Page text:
The government's health watchdog has not approved a potentially life-extending lung cancer treatment on the NHS, meaning that thousands of sufferers could have to seek private treatment if they wish to obtain the drug.
Tarceva, which costs just under £7,000 for a 125-day course, is widely regarded as a significant advance in the treatment of non-small cell lung cancer and, although it does not cure the disease, its manufacturer Roche claims that it increases patients' life expectancy.
The drug has been approved for use north of the border by the Scottish Medicines Consortium, the country's equivalent of the National Institute for Health and Clinical Excellence (Nice) which operates in England and Wales.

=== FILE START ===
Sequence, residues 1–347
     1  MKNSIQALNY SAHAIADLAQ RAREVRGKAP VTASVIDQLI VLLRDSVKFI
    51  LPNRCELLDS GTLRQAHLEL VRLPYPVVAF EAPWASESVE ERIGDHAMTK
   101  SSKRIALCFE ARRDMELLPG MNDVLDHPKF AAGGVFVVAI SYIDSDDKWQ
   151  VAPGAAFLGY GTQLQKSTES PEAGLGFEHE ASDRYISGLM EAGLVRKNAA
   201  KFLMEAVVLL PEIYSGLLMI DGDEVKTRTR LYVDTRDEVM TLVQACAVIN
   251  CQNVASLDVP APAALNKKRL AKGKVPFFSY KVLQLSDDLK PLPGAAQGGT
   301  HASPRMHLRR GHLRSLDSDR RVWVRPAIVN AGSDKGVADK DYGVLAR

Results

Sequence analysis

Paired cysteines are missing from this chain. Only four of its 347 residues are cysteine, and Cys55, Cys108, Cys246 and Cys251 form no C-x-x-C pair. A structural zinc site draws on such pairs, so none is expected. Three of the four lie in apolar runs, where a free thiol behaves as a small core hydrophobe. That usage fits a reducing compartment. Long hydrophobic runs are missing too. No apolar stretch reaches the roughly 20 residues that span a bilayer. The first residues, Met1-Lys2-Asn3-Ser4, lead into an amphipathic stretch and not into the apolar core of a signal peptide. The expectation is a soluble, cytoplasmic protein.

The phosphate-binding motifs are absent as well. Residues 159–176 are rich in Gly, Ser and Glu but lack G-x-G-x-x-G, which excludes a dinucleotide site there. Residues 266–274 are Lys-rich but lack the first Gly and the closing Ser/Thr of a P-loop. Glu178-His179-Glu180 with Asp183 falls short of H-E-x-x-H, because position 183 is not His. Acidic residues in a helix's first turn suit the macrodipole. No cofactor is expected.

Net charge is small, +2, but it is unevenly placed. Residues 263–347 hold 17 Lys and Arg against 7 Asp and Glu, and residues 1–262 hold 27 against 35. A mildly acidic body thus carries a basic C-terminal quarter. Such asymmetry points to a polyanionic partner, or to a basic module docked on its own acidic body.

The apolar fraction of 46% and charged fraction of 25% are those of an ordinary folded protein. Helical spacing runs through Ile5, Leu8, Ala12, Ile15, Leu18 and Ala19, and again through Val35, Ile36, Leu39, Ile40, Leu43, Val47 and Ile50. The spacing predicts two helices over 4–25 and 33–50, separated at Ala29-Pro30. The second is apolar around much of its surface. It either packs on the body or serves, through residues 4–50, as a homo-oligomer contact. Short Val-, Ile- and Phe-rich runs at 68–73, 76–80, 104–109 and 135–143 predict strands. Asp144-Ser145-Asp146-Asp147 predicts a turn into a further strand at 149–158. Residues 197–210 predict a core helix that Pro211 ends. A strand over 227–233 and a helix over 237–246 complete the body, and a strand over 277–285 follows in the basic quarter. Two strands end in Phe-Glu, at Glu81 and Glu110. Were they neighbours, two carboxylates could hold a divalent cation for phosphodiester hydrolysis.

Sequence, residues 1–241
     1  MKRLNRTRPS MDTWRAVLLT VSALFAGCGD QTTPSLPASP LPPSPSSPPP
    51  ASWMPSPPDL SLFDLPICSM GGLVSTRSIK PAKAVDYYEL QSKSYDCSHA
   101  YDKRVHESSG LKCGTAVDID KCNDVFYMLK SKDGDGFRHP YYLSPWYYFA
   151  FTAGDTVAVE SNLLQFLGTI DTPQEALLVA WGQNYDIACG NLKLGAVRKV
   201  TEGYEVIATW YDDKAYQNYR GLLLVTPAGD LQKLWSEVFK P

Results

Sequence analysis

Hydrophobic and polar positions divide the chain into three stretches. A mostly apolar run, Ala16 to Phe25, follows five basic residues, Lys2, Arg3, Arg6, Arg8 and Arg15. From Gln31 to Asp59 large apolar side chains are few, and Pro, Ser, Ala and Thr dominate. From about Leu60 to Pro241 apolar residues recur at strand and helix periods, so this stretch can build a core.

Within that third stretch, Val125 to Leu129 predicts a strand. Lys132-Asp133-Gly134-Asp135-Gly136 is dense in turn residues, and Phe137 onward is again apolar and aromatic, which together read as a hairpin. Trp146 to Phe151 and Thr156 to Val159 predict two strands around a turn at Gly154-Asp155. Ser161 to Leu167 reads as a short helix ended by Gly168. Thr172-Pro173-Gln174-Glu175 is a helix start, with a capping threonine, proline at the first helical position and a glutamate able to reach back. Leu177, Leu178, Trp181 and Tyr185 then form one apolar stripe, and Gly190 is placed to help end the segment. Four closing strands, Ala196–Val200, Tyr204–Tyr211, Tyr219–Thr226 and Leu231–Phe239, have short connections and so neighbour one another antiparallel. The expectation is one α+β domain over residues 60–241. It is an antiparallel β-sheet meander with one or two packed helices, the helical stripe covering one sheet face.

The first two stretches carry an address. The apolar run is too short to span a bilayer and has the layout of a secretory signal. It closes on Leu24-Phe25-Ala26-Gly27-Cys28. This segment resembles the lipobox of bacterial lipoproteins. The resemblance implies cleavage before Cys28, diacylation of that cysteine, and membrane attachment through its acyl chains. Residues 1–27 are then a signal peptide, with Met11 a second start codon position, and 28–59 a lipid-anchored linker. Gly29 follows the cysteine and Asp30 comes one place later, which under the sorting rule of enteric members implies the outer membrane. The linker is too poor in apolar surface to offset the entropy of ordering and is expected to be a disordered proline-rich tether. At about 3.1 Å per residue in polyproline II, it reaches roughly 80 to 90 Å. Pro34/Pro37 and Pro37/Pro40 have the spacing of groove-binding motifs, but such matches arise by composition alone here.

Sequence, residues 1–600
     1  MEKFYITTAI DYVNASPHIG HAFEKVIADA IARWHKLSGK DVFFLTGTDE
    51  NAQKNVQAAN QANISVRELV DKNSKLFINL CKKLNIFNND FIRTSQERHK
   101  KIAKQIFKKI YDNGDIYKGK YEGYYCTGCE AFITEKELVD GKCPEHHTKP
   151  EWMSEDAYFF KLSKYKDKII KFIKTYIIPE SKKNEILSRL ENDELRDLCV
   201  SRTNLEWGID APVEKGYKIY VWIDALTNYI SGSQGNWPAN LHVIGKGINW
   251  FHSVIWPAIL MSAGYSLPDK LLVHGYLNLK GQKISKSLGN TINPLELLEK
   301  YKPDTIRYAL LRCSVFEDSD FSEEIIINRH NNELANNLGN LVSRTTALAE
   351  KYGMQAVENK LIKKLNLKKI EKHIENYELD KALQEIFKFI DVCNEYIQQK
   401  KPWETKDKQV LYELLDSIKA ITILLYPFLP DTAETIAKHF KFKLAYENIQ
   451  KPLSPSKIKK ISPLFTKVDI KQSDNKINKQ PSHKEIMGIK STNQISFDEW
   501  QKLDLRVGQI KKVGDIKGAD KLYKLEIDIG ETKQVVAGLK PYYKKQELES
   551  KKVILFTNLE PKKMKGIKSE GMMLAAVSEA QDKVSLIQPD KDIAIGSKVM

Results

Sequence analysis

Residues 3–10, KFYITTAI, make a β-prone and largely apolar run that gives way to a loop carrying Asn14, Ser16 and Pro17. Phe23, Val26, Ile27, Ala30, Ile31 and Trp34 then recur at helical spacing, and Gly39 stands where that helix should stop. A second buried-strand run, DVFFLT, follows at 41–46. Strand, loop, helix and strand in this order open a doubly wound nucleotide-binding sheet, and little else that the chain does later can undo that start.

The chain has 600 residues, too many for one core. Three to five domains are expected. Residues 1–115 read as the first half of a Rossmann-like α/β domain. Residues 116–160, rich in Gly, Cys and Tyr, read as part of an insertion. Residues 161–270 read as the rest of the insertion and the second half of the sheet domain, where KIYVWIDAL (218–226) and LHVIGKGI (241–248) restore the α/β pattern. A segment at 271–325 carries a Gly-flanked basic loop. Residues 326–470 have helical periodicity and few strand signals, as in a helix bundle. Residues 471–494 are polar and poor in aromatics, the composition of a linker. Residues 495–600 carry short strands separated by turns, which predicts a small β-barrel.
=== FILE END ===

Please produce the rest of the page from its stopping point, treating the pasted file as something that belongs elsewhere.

Charities have described the guidance as "deeply disappointing" and Cancer Research UK chief executive Professor Alex Markham commented that it was "incomprehensible" for a drug to be made available in Edinburgh, but not in Newcastle.
"Non-small cell lung cancer is very difficult to treat, and Tarceva is one of the few significant advances against the condition to emerge over the last decade," he said.
Independent advice on private healthcare